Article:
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Meteorological Alchemy
Lenticular cloud


Cloud seeding, or the manipulation of clouds by chemical means to change precipitation patterns, is scientifically unproven. Even purported successes are said to rest on shaky statistical proof.

Nevertheless, many still see great potential in appropriating it as an effective water resource management tool in places where fresh water supplies are dwindling due to overpopulation and climate change. Which is why, as the Associated Press reported last month, Wyoming is committing $8.8 million to a 5-year project to gauge its viability with unprecedented scientific rigor.

Cloud seeding

“Like most other Western states, Wyoming is rich in oil, gas, coal and other mineral deposits. What it lacks is simple: water.

“So, like other Western states, Wyoming is trying to conjure up rain by embarking on a cloud-seeding project to bolster mountain snowpack -- the reservoirs of the arid and semiarid West -- and create more water from spring and summer snowmelt.”

If Wyoming follows past tactics, expect to hear about fleets of aircrafts or ground-based anti-aircraft guns and rockets impregnating cloud systems with “a fine spray of silver iodide crystals” to coax extra inches of water out of them. Atmospheric sorcery.

Lenticular cloud


Weaponized droplets to win the war against desertification and to stave off any future cataclysmic Hydrological War between arid Western states and the Great Lakes states and provinces.

Perhaps landscape architects will form outrageously successful sky writing businesses or become celestial propaganda insurgents under the employ of Voice of America.


Here Comes The Rain Again: or, Post-Oil Middle East, Part II
Lithic surveillance
It seems that a fake rock, The New York Times reports, may briefly reignite the Cold War between Russia and the UK: “A grainy black-and-white video, broadcast on state television on Sunday night and shown repeatedly again on Monday, was said to show a British diplomat picking up a fake rock that was said to conceal a communications device used to download and transmit classified information through hand-held computers.”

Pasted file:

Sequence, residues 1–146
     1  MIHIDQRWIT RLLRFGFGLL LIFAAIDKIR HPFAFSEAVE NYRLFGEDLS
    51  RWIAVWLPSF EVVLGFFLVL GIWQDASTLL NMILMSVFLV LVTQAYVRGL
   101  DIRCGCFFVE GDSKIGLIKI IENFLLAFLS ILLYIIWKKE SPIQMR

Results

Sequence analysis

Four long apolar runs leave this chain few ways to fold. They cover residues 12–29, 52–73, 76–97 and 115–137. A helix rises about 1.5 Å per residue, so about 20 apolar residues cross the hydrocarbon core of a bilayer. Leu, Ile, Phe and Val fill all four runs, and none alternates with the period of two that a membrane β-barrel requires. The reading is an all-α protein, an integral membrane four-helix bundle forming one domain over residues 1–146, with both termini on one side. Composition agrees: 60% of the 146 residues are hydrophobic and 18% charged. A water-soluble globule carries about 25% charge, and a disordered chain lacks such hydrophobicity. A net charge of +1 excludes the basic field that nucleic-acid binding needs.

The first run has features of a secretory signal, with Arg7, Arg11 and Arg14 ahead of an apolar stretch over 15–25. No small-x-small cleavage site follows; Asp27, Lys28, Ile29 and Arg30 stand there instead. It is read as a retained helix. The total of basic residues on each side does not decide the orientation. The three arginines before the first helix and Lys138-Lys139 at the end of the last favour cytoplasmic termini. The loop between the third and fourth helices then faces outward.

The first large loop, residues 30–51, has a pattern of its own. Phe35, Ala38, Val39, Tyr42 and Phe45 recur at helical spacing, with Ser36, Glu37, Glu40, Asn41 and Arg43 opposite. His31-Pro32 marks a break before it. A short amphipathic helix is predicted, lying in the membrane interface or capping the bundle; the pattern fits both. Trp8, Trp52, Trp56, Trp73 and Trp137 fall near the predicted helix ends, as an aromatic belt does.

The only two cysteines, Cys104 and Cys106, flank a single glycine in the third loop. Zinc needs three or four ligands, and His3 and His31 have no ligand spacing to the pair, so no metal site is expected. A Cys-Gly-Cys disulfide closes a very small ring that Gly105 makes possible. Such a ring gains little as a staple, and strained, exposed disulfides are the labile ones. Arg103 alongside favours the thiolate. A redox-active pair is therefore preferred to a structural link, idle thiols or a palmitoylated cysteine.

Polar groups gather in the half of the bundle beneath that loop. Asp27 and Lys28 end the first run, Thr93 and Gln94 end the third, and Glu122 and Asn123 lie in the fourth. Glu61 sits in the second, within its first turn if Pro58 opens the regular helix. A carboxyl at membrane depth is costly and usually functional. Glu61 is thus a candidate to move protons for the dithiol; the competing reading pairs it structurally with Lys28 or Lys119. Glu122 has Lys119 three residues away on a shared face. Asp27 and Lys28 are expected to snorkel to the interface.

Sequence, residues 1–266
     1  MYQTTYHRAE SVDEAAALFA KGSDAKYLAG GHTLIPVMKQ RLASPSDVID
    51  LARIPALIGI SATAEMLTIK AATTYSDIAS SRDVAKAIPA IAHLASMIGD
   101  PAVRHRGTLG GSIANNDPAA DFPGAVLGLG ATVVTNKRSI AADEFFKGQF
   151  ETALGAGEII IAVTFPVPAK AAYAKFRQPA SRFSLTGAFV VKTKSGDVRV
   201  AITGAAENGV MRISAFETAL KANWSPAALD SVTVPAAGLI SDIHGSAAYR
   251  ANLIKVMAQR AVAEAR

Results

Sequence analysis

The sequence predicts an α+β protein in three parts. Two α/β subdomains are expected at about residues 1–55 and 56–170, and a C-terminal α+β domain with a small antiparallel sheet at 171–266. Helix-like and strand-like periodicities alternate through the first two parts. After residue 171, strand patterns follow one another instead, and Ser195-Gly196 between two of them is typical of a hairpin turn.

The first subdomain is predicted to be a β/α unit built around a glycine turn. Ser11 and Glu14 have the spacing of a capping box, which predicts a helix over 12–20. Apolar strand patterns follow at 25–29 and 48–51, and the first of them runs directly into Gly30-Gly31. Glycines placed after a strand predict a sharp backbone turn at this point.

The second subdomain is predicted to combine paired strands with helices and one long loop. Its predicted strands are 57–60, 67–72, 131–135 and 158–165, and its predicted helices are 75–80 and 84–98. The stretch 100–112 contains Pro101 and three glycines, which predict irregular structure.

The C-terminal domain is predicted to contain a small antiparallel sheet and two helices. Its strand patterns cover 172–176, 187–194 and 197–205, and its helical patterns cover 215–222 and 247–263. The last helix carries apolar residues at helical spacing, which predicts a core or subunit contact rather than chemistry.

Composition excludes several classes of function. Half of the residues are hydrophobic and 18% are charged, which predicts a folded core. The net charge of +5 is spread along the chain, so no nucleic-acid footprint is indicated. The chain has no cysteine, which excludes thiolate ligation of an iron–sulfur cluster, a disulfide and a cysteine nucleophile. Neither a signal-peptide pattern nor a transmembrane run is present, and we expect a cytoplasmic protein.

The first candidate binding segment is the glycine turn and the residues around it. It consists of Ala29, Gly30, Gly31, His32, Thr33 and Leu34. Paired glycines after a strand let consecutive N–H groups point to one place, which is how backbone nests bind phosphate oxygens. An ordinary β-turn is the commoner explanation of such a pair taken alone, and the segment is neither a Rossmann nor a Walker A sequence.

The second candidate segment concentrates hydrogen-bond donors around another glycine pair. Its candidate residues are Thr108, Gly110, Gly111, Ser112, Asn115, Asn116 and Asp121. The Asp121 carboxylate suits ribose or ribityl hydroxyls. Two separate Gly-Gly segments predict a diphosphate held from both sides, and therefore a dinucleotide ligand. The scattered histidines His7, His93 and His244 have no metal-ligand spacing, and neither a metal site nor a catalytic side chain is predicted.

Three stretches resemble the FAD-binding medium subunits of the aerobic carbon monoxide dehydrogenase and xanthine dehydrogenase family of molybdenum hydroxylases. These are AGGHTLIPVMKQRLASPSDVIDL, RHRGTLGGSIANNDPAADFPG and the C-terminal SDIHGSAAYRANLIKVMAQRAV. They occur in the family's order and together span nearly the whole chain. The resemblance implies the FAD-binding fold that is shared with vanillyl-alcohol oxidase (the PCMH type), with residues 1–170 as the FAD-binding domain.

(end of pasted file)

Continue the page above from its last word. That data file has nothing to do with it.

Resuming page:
Fake rock

Placed near a leafless tree to add, I suppose, more naturalism to an otherwise fabricated still life, “the rock, the size of a watermelon, and the device, said to be able to transmit and receive data at distances of more than 60 feet, were seized near Moscow, prompting a search across the city for similar device.”

One has to wonder how many other rocks and stones and boulders were overturned, inspected and shaken, provoking perhaps mildly amusing Heidegger meets Monty Phyton soliloquies: “Is this fake? Hello? Is this thing on?” (In Russian.)

Or how many deciduouses and evergreens were stripped and frisked. Knowing how trees can be great masters at disguise, I imagine this militarized tree hugging love fest may have played out on an unprecedented scale.

Perhaps in a decade or so, we will be told that the entire Yellowstone National Park has been the real ECHELON listening post all along.
Atlantis Rising
Geologic archipelago-making rendered in months rather than the usual billion or so eons.

The Palms, Dubai

The Palms, Dubai

The Palms, Dubai

The Palms, Dubai

The Palms, Dubai


Trailing Suction Hopper Dredgers

South Central Farms
South Central Farms


For over a decade, a group of mostly immigrant families has been tilling a colorful patchwork of thriving farms in one of the most industrialized landscape of Los Angeles. Out of concrete and asphalt, a community of urban farmers have cultivated a whole variety of fruiting trees, cash crops and vegetables. Growing in the shadow of power lines and skyscrapers are avocado, guavas, bananas and peach trees, as are sugarcane, corn, cactus, lettuce, winter squash, broccoli and lettuce. The list surely contains a lot more, but all are harvested not just for food but also for medicine and to supplement low incomes by selling them.

But all of that — perhaps the largest urban community garden in the US — may be uprooted, paved over and replaced by a supersize warehouse not unlike what is already littering the place.

South Central Farms


South Central Farmers


South Central Farms: The Documentary

Helltown USA
Centralia Coal Mine Fire

Since the summer of 1962, a fire, fueled by rich anthracite coal deposits, has been burning beneath the mining town of Centralia, Pennsylvania.

Nonstop.

Centralia Coal Mine Fire

From Offroaders: “The fire was started in a garbage dump over an open coal seam in May of 1962. The fire was reported and seemed to be quenched at the time, but actually continued underground. There are many additional versions of the original cause but the garbage pit and the date are probably right. First bid to extinguish the fire was $175.”

“By 1983, the government said the fire was advancing on three or four fronts. Proposed trenching of the area might cost as much as $660 million with no guarantee of success. One of the larger trenches would have bisected the town roughly from east to west. A government buy-out was proposed instead of the trenching and there was a referendum held. The homeowners voted to accept the buy-out 345 to 200. Only those whose names were on the deeds could vote. From 1962 to 1984, $7 million had been spent. In November of 1983, $42 million was voted for the buy-out.”